There is not usually much harvest to sell or trade, and what surplus there is tends to be stored to last the family until the next harvest. This is the most widely used method of agricultural farming in sub-Saharan Africa, and the majority of the rural poor depend on it for survival.
It also means the family is self-sufficient in terms of food. Ideally, nothing needs to be purchased or borrowed from another source. If there is a drought, if there is a flood, the harvest is severely limited that year.
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- CiteSeerX — From Subsistence to Profit Transforming Smallholder Farms.
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Meaning there might actually not be enough to feed the family. Subsistence farming works when everything goes right — but it rarely does. And even then, there is no profit generated. Subsistence farming is a deterrent to development in rural Africa, because it has no possible upward movement. Unless it switches to a semi-commercial model it will continue to prevent people from generating income. What are we doing about it: At Africa Development Promise, we believe that the principals behind subsistence farming are great.
We work with agricultural cooperatives because rural farmers already have a solid foundation from which to start.
From subsistence to profit: Transforming smallholder farms
In the southern slopes of Amlaren sub-division, land belongs to the few clans or as they would like to call them, the jamindars. Only few clans in the village owns large tracts of agriculture and non-agriculture land and people have to depend on these clans for their land needs. People in these villages are compelled to live in a joint family system because of the non-availability of land to construct new houses.
A survey on the livelihood portfolio of the households in few villages pointed to the fact that almost all households are engaged in multiple livelihood activities — which is not a surprise. Unlike the salaried class or labourers in service sectors, farmers do not have a permanent or stable income that they can rely on. They can only have security by engaging in multiple livelihood activities, so in case one crop fails them or one activity fails to take off then they still have other activities to rely on.
In a typical village one would find that a household would normally grow one major crop depending on the region and few minor crops. For instance in West Jaintia hills the major crop will be rice and minor crops will be vegetables, ginger, turmeric and fruits which are seasonal. In War Jaintia area arecanut and betel leaf are major crops and pepper and some fruits are minor crops. Apart from that a family would perhaps rear one or two pigs and few chickens; some keep goats and cows. And animals are reared for particular reasons.
Pigs and chicken are with the intention of selling them off during Christmas or New Year when the demand for the animals is high. The point is that in spite of the fact that there is a huge demand for meat in the state, the farmers still do not involve in commercial farming of animals. Apart from these multiple livelihood activities, during lean seasons farmers would also migrate to other places or commute to the nearest town and cities to engage in labour activity.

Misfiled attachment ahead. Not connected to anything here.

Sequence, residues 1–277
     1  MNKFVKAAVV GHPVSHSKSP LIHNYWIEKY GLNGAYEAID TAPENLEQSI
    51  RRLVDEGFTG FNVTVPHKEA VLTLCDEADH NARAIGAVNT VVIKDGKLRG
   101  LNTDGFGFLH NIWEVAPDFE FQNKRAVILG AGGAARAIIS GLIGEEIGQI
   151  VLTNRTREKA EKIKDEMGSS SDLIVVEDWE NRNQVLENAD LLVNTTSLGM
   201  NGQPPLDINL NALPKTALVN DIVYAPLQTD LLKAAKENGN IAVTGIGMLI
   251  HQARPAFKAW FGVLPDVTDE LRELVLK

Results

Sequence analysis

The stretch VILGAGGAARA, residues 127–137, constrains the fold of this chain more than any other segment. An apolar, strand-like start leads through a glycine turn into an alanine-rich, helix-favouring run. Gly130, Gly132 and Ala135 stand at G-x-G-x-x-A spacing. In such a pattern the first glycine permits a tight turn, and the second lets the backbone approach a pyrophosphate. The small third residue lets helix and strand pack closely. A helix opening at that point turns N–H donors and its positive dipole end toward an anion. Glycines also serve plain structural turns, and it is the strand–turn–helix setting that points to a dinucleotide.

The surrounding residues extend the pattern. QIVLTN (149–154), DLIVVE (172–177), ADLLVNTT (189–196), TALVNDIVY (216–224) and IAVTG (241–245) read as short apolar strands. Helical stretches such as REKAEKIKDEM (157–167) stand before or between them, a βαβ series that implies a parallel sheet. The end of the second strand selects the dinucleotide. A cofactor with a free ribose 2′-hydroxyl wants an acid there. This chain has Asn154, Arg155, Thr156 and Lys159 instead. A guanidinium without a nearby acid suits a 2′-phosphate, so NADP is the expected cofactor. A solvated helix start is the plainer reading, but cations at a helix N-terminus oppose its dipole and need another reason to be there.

This is broadly the kind of livelihood activity that a typical household in the village would be involved in. Therefore the entire livelihood activity that the farmers are engaged is like a vicious cycle and if the farmers continue with this same practice it will be difficult, if not impossible for them to get out of the shackles of poverty.
The vicious cycle will go on from grandparents to their children and continue to the grand children till they decide to stop it. Now very few people keep animals.
And by the way, instead of protesting against the illegal supply, why not look at the brighter side of the issue. The state government can then promote commercial cow rearing which of course is not an unfamiliar activity to the locals and we all know how huge the market is, considering the dietary habit of the majority of the people in Bangladesh.
To help boost the economy of the state the need of the hour is to help the farmers improve their production and the only way we can do that is to bring an attitudinal change in the farmers. The farmers need to change their mindsets from subsistence farming to a more prosperous kind of agriculture and allied activities.
- From Subsistence to Profit!
- subsistence farming – One Billion Hungry: Can We Feed the World?.
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It is important to help the farmer get out of this vicious cycle and one of the ways to do so is to help improve that particular activity and upscale their production. Instead of engaging in the activity for subsistence only the farmers need to be encouraged to work on their favourable activity and try to improve and upscale it. Rural economy depends on agriculture so the emphasis should be on agriculture and allied services.
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It is important to help them identify livelihood activities which are not only conducive for the region but also have market potential to enhance their income and improve the economy of the village and the state at large. It is important to help them identify where their strengths are and work on their strength to help enhance their incomes and build the economy of the household. The economy of the state will only improve if the people in the rural areas also prosper.
To achieve this goal the state government needs to take proactive steps to reach out to the famers and more importantly work on the area where their strengths lie and build on those strengths.
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